Pushing automation to the tipping point:The bots in your backyard

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I know the popular (read clickbait) question to ask is whether a robot will take your job, but I’d like to challenge you to reframe those assumptions about robots.

When many hear the word ‘automation’, their minds go to images of robots manipulating physical objects, like Boston Dynamics’ infamous (and slightly creepy) SpotMini. Most people don’t think of the rules they set up on their email client to filter certain kinds of mail, or the initial response that goes out to every person who tries to contact a company’s customer service.

The time-consuming bits. The drudgery. The boring stuff. Automation has been with us ever since we first learned how to programme a computer, helping us by taking on the most cumbersome, least rewarding tasks in our lives.

Of course, just because automation isn’t exactly new doesn’t mean it’s business as usual. The great convergence of technologies, like machine learning, cognitive language processing and human-machine interfaces, means that process automation in business is fast approaching its tipping point.

Forget the physical robots and the factory arms. Customer service and back-end office functionality are the playing fields on which the automation war is taking place. And if you’re not already exploring how to use AI and cognitive technologies in your organisation, you could soon find yourself coughing up dust.

First rule of robotics: The customer is always right

We’ve come a long way since AskJeeves. The popularity of virtual assistants like Siri and Alexa has made interacting with AI in our day-to-day life seem positively mundane. It’s no wonder we’ve come to expect that same instant, smart feedback from our service providers.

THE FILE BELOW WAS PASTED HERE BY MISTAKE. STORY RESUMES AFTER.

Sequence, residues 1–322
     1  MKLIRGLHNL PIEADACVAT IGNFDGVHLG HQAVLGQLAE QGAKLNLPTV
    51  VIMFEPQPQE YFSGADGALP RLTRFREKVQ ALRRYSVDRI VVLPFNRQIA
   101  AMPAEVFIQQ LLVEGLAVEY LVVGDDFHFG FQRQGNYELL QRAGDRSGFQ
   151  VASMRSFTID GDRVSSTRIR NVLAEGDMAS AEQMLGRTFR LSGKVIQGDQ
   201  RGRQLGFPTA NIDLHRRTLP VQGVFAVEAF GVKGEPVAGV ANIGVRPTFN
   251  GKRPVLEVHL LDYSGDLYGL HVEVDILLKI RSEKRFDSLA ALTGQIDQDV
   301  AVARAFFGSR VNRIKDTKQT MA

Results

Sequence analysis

Enter chatbots and other customer service robots. Just in case you thought they were gimmicks, this market is expected to reach a revenue of $3.1 billion by 2021. For industries like insurance and travel, which expend a huge amount of resources every year dealing with standard, repetitive queries, we’re seeing an accelerated uptake of chatbots for customer service.

In the insurance industry, price comparison platform Hippo.co.za has recently launched Siah, while OUTsurance  has gone one step further and introduced its own automated financial advisory product OUTvest. Contiki, following in the footsteps of global companies like KLM and Expedia, has built a Facebook Messenger chatbot called Tiki.

Banking is another industry that can’t afford to ignore the bots in their backyard, particularly if they want to expand their client base. United Bank for Africa is the latest to introduce a chatbot, this one called Leo, aimed primarily at Nigeria’s unbanked population. Back in SA, cash management firm Cash Connect has unveiled a self-service bulk deposit machine that can process up to 800 notes and coins a minute.

If you’re still on the fence about automation in your marketing and customer experience, consider that 91% of top companies worldwide are already using AI solutions for customer-facing functions. Even if you’re not rolling out a chatbot, you should at least have some form of automated customer analytics in place.